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Old 12-05-09, 08:36 AM   #1
wobblyoldgeezer
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Do stationary gym bike miles count?

Hello again all

Happy belated Thanksgiving to all N American continentals, and early festive season wishes to all

I posted twice recently about the results of a tumble 5 weeks ago off my bike - broken femur and then 2 additional stress fractures

Anyhow, I'm now almost ready for a bit of physio to get back a bit of mobility, and a stationary bike is suggested - with absolutely no resistance, just spinning against no load at all to ease the joints and tendons and to stretch the muscles whilst not putting any load bearing onto the still repairing bone

So, if downhill coasting counts towards century rides and 'ride your age' achievements, does spinning a recently broken leg against zero resistance count for anything? 'Cos if so, I'd rather be clocking up easy double centuries than just sitting bored out of my mind in a hospital room!!
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Old 12-05-09, 08:44 AM   #2
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Only if your butt gets sore.
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Old 12-05-09, 08:53 AM   #3
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Under the circumstances, we'll let you count them!
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Old 12-05-09, 08:54 AM   #4
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Sure, it counts as bicycling-like exercise, but references to distance cannot be made. Unless that mileage number refers to actual distance traveled. Flying down a 15% grade for 10 miles is 10 miles but an hour working up a sweat on a stationary bike is 0 miles. Or, you could assign a 'mileage' number and record it with as asterisk.
You do, of course, get a gold star for making progress on your recovery.
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Last edited by JanMM; 12-05-09 at 09:00 AM.
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Old 12-05-09, 08:56 AM   #5
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Normally I would say no. But if it there is even a chance it will get you back on your bike quicker, go for it. If it was me and everything felt OK, I'd very slowly increase the load every few rides.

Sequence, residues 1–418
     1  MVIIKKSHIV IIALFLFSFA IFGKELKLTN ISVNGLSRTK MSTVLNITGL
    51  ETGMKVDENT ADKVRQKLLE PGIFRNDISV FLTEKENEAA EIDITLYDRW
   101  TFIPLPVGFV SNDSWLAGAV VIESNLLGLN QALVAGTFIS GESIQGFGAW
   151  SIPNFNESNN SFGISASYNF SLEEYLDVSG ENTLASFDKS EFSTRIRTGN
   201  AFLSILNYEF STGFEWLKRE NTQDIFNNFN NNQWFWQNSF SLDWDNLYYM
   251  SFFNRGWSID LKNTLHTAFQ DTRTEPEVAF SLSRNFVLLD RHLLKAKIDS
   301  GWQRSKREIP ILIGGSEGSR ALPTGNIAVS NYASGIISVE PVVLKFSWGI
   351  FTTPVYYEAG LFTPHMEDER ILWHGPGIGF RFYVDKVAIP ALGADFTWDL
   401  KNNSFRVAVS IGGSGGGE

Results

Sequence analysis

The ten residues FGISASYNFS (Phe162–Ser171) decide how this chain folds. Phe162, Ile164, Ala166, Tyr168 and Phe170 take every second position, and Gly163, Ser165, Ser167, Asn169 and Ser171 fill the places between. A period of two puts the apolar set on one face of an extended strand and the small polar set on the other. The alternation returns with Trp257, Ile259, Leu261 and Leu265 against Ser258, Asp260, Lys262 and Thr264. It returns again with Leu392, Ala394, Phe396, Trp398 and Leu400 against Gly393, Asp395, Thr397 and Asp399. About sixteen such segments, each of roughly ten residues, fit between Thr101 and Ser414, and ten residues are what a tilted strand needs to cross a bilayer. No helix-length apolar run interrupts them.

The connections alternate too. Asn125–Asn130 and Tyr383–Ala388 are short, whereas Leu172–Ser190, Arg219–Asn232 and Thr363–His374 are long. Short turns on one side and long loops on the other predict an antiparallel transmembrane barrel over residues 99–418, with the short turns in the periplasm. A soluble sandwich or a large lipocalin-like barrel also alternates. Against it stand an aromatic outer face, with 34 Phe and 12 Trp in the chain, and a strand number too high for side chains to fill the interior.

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Old 12-05-09, 09:12 AM   #6
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I say count them. I count hours when riding and training on my bikes. I use one computer head with matching harnesses and just switch the head. I record hours in my weekly log but the computer keeps track of total miles. I count the miles, I've earned them!

The hours/miles spent on the trainer and rollers during the winter season sure do make a difference in the miles on the road later. Using some guy's logic, that miles don't count since the bike doesn't move, would allow a chain and cassette last forever.
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Old 12-05-09, 09:25 AM   #7
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Surprised to hear that you are able to even think about sitting on a bike- let alone using one- even if it is just a stationary one. Must be awkward trying to get the Clipless shoes on over that plaste, But a spare cleat and a couple of 6" nails and I suppose you can fit it direct to the plaster.

At your current stage of Training- I say count the miles but only if you think they are doing you any good. I know they will as the big problem with any lay-off will be losing fitness. The leg may be crooked right now- but unless you start doing something- the rest of your body will go the same way.

Just don't apply to join Club Tombay till the plaster comes off.
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Old 12-05-09, 09:25 AM   #8
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Time on the trainer counts in the sense of being exercise and developing bike fitness. Measuring miles on a trainer seems kind of silly to me. Much sillier that, say, naming your bicycle. Adding trainer miles and bicycle miles together seems downright ridiculous - ymmv.

But doing whatever it takes to get yourself back into riding condition after your accident makes all the sense in the world. Go for it.
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Old 12-05-09, 09:37 AM   #9
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Yes, they count.

Just who made me judge? Divine decree.

What I say goes.

A spin instructor told me that since you do not coast on a trainer, at least for very long, you actually get to double your mileage for record-keeping purposes.

However, I've never found that a trainer simulates hill climbing very well, which is my downfall.

But it surely it is better than watching recordings of Dancing with the Stars.
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Old 12-05-09, 10:09 AM   #10
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Quote:
Originally Posted by JanMM View Post
Sure, it counts as bicycling-like exercise, but references to distance cannot be made. Unless that mileage number refers to actual distance traveled. Flying down a 15% grade for 10 miles is 10 miles but an hour working up a sweat on a stationary bike is 0 miles. Or, you could assign a 'mileage' number and record it with as asterisk.
You do, of course, get a gold star for making progress on your recovery.
I see. So I have to fix the gym bike onto the load bed of the pickup and get the delightful tandem stoker to drive me round for the exercise duration. The faster she drives, the further I've achieved. Seems simple now you explain it
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Old 12-05-09, 10:18 AM   #11
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A spin instructor told me that since you do not coast on a trainer, at least for very long, you actually get to double your mileage for record-keeping purposes.
You coast? One of my favorite sayings is, "you can't win if you don't pedal." 'nuff said on that!